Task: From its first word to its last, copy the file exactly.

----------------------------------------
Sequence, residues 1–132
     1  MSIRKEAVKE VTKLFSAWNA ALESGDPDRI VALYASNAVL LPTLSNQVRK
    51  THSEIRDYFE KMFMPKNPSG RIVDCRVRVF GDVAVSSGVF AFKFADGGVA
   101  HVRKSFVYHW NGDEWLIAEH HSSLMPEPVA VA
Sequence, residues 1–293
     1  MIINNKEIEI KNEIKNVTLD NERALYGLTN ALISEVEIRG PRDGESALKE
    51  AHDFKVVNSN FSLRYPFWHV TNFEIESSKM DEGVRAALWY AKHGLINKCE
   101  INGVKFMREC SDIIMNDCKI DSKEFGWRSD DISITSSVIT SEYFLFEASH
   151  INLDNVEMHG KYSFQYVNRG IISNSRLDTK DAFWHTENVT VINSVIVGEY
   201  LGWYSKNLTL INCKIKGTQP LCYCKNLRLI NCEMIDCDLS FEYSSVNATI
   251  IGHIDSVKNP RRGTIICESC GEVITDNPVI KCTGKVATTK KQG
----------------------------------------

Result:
Sequence, residues 1–132
     1  MSIRKEAVKE VTKLFSAWNA ALESGDPDRI VALYASNAVL LPTLSNQVRK
    51  THSEIRDYFE KMFMPKNPSG RIVDCRVRVF GDVAVSSGVF AFKFADGGVA
   101  HVRKSFVYHW NGDEWLIAEH HSSLMPEPVA VA
Sequence, residues 1–293
     1  MIINNKEIEI KNEIKNVTLD NERALYGLTN ALISEVEIRG PRDGESALKE
    51  AHDFKVVNSN FSLRYPFWHV TNFEIESSKM DEGVRAALWY AKHGLINKCE
   101  INGVKFMREC SDIIMNDCKI DSKEFGWRSD DISITSSVIT SEYFLFEASH
   151  INLDNVEMHG KYSFQYVNRG IISNSRLDTK DAFWHTENVT VINSVIVGEY
   201  LGWYSKNLTL INCKIKGTQP LCYCKNLRLI NCEMIDCDLS FEYSSVNATI
   251  IGHIDSVKNP RRGTIICESC GEVITDNPVI KCTGKVATTK KQG